So, clearly, there were those, even in the early Christian church, who desired to fleece the flock and the leaders of the church provided instruction on how to deal with them. Specifically, those who ask for money were considered to be false profits, which suggests also that Paul’s passionate example (in 1 Cor 9:12-18) had an impact on how the church supported those who were apostles.

Now, I'm not saying that our senior pastors are trying to fleece the flock. Most of them are humble servants of Christ who have responded to a genuine call on their life to encourage their brothers and sisters in Christ and teach them to obey the words of Jesus. Many of my dear friends are senior pastors and I have been an associate pastor myself who served alongside these men and have myself been supported financially by the church.

But that was before I felt God calling me to leave that model in favor of one where all of the offering from the church could go to help the poor in the community. I, like Paul, felt that it hindered the gospel, and my own walk with Christ, to participate in a system where the church spent most of the money received on herself and not on the poor and the broken around us.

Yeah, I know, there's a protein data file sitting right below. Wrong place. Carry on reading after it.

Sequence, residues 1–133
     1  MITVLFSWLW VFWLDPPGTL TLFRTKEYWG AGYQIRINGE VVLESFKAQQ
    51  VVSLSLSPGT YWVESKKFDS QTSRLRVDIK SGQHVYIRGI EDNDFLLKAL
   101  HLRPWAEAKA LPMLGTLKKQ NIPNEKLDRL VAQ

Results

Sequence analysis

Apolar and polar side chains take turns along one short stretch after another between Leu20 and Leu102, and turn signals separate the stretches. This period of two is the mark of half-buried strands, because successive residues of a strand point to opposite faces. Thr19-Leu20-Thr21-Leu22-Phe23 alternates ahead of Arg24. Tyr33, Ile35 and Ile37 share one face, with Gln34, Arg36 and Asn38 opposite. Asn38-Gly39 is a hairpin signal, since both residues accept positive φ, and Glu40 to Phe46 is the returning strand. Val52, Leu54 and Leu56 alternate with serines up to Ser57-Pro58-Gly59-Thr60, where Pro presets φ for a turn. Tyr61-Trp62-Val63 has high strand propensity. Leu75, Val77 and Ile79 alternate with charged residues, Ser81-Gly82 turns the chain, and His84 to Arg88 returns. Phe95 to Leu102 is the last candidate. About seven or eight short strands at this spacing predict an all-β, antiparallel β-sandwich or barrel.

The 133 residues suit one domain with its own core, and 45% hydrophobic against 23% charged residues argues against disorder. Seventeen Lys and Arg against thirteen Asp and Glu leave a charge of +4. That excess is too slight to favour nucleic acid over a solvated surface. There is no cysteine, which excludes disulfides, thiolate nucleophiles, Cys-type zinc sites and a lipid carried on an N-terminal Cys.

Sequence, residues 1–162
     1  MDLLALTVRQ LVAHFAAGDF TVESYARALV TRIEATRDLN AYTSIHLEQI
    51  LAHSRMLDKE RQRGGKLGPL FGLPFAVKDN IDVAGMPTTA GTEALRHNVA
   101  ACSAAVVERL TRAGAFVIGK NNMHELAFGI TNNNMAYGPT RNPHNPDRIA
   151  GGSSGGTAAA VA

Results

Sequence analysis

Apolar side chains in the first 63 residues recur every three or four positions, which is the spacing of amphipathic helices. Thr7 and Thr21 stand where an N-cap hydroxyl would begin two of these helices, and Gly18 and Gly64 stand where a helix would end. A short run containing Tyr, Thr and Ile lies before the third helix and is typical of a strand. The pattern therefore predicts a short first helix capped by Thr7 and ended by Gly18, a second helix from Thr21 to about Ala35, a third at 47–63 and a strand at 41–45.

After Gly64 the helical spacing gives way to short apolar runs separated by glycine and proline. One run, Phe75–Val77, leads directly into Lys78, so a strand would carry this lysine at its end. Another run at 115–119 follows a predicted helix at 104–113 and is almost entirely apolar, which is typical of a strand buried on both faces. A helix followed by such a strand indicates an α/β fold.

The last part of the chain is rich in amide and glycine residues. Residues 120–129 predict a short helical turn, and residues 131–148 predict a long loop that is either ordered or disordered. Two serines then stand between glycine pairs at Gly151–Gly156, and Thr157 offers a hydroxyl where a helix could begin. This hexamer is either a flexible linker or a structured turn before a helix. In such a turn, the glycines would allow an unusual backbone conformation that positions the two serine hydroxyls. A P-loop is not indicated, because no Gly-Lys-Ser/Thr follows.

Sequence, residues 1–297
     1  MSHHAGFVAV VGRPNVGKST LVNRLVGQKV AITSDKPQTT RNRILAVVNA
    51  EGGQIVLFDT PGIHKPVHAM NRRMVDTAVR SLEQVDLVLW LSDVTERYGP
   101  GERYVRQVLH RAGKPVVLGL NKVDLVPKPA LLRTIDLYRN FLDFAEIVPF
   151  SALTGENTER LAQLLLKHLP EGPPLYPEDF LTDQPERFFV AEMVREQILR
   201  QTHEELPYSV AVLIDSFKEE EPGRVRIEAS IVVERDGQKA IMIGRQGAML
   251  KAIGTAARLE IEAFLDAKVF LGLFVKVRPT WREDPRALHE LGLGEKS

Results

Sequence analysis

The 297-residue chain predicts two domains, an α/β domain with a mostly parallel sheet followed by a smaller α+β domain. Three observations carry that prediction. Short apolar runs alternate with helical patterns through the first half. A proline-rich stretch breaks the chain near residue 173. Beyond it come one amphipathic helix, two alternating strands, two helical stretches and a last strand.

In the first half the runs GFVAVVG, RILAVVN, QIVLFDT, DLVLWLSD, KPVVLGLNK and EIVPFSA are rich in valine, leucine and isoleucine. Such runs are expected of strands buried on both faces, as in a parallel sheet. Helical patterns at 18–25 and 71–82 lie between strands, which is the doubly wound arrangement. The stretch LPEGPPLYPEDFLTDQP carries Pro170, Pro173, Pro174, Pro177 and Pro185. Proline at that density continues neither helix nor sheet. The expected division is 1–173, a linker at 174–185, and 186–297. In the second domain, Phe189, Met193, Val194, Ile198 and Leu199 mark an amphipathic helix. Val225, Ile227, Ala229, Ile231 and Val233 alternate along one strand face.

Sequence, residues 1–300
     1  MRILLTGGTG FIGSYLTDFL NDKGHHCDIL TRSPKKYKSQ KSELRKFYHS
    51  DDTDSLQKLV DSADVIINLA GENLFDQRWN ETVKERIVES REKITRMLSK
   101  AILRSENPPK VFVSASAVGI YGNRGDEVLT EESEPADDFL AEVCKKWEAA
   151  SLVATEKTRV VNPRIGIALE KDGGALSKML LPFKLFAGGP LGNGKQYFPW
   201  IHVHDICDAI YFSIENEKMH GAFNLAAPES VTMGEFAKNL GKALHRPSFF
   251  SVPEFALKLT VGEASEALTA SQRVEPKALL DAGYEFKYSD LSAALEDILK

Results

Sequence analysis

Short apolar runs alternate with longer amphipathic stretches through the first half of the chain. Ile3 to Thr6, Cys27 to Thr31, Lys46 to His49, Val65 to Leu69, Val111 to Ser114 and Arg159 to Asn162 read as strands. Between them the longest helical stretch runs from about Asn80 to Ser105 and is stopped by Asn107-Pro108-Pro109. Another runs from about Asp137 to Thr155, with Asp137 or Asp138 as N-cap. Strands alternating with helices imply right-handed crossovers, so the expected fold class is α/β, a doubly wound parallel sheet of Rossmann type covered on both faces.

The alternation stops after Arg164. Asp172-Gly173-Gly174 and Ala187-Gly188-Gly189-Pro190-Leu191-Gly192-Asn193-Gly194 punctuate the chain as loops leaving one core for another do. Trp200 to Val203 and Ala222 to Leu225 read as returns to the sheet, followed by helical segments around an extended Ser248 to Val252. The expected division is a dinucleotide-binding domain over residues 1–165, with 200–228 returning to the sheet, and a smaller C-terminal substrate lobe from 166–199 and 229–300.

In our next article we'll see what Paul has to say in his letters to Timothy regarding elders in the church and what compensation - if any - they are due.



Anonymous said...

I know this is off topic, but here goes anyway:

Your reference to the didache mentions apostles staying a day or two at the most, if they stayed three days they were false prophets.

I've always been under the impression that apostles, like Paul and Peter, stayed months even years on end and have never been particularly impressed by the itinerant model of "dropping in for a sunday preach" then leaving on Monday.

Does the Didach in fact actually encourage this "fly-by-night" approach in your mind, I ask because I have never read the Didach and you obviously have.

Anonymous said...

May I ask what you do to earn a living? I would be curious to know, especially in light of your blog.

Keith Giles said...

Yes, you may ask. I work as a copywriter in an in-house marketing department for a large, global technology distribution company.

Steve Ruppert said...

Great start Keith.. Can't wait for part two!